CASINO

Macau revenue falls 22nd straight month

TAGs: DICJ, Macau, Paulo Martins Chan

macau-casino-revenue-falls-22-monthsMacau casino gaming revenue fell again in March, dashing hopes that the world’s top gambling hub might have reversed its nearly two-year decline.

Figures released Friday by Macau’s Gaming Inspection and Coordination Bureau (DICJ) showed March’s gaming revenue total falling 16.3% year-on-year to MOP 18b (US $2.3b). That decline extends Macau’s revenue losing streak to 22 months, spoiling the belief that February’s 0.1% decline had signalled an end to the special administrative region’s oft-told tale of woe.

Most analysts had expected a decline closer to 15.5% while more bearish Macau watchers had suggested a decline in the low-20s was in the offing, so split the difference. For the first quarter of 2016, gaming revenue is down 13.3% year-on-year to MOP 56b.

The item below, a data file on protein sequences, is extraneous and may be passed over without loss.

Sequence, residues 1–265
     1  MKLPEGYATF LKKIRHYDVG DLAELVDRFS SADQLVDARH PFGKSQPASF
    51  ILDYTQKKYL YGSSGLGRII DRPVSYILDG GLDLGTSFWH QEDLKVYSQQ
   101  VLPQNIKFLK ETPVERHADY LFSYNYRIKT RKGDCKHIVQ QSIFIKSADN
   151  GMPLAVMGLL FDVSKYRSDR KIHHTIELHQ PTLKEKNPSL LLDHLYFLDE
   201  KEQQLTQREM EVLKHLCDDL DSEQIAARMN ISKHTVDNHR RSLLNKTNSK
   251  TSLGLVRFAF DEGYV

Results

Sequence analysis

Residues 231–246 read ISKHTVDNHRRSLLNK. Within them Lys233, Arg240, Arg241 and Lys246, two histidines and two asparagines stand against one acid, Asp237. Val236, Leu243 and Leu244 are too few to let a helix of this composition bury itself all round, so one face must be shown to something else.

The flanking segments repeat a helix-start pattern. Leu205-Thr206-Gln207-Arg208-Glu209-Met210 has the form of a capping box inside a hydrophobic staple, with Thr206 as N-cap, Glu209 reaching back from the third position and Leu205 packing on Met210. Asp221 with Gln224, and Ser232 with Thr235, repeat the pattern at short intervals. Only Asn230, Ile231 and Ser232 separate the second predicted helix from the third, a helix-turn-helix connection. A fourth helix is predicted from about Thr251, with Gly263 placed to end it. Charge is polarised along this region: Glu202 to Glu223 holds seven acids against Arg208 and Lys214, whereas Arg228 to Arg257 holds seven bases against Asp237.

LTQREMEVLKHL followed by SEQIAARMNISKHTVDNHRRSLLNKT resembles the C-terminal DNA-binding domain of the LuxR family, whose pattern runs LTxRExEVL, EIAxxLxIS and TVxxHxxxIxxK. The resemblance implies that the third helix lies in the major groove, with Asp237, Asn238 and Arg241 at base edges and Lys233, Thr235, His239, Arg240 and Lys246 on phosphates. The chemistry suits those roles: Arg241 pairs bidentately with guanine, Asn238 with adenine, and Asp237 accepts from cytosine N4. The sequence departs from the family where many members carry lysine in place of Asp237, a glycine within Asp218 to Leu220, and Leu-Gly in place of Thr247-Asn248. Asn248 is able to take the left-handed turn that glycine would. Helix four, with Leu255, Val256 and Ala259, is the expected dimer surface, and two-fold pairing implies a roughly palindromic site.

Paulo Martins Chan, the recently appointed head of the DICJ, told Radio Macau this week that he was of the opinion that Macau’s “most difficult times are now behind us.” Chan suggested that 2016’s total revenue would be down around 10% from 2015 when all was said and done, which really only sounds good when compared with 2015’s catastrophic one-third plunge.

Recent visitor statistics cast further doubt on Macau’s alleged revival. The Statistics and Census Service said Macau welcomed 2.64m visitors in February, down 1.2% year-on-year despite February including the week-long Lunar New Year holiday. Package tour visits fell 34%, with visits from mainland China falling 36.7%.

China’s Ministry of Public Security announced this week that it would make it easier for some mainland residents to apply for individual visit scheme (IVS) permits to travel to Macau, Hong Kong or Taiwan. The changes would allow internal migrants who lack household registration documents to apply for IVS permits without first having to return to the cities and town they call home.

Despite the Ministry’s move, Macau’s chief executive Fernando Chui Sai On claimed his administration was “not actively requesting an increase in the number of visitors” to Macau, suggesting the town was already too damn crowded – with the notable exception of its casino gaming floors.

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